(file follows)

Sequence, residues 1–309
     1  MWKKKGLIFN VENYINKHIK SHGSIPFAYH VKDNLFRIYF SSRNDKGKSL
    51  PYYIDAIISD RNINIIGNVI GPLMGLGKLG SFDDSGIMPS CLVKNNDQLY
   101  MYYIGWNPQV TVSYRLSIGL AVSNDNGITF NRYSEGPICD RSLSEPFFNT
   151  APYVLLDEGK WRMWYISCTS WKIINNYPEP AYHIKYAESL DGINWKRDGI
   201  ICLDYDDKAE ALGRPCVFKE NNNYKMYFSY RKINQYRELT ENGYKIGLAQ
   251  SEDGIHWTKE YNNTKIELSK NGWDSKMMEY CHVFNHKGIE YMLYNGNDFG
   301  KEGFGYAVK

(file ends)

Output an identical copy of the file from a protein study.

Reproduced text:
Sequence, residues 1–309
     1  MWKKKGLIFN VENYINKHIK SHGSIPFAYH VKDNLFRIYF SSRNDKGKSL
    51  PYYIDAIISD RNINIIGNVI GPLMGLGKLG SFDDSGIMPS CLVKNNDQLY
   101  MYYIGWNPQV TVSYRLSIGL AVSNDNGITF NRYSEGPICD RSLSEPFFNT
   151  APYVLLDEGK WRMWYISCTS WKIINNYPEP AYHIKYAESL DGINWKRDGI
   201  ICLDYDDKAE ALGRPCVFKE NNNYKMYFSY RKINQYRELT ENGYKIGLAQ
   251  SEDGIHWTKE YNNTKIELSK NGWDSKMMEY CHVFNHKGIE YMLYNGNDFG
   301  KEGFGYAVK